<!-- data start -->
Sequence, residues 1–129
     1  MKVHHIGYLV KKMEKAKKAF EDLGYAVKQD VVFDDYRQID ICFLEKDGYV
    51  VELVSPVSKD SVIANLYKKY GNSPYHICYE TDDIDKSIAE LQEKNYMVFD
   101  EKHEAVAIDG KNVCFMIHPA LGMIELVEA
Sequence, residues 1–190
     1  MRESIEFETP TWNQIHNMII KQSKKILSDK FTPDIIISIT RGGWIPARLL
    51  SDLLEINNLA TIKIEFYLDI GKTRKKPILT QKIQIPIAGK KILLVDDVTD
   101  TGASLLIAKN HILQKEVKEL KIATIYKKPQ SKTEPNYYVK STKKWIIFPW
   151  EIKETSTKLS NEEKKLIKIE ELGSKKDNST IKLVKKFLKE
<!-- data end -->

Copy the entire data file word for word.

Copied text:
Sequence, residues 1–129
     1  MKVHHIGYLV KKMEKAKKAF EDLGYAVKQD VVFDDYRQID ICFLEKDGYV
    51  VELVSPVSKD SVIANLYKKY GNSPYHICYE TDDIDKSIAE LQEKNYMVFD
   101  EKHEAVAIDG KNVCFMIHPA LGMIELVEA
Sequence, residues 1–190
     1  MRESIEFETP TWNQIHNMII KQSKKILSDK FTPDIIISIT RGGWIPARLL
    51  SDLLEINNLA TIKIEFYLDI GKTRKKPILT QKIQIPIAGK KILLVDDVTD
   101  TGASLLIAKN HILQKEVKEL KIATIYKKPQ SKTEPNYYVK STKKWIIFPW
   151  EIKETSTKLS NEEKKLIKIE ELGSKKDNST IKLVKKFLKE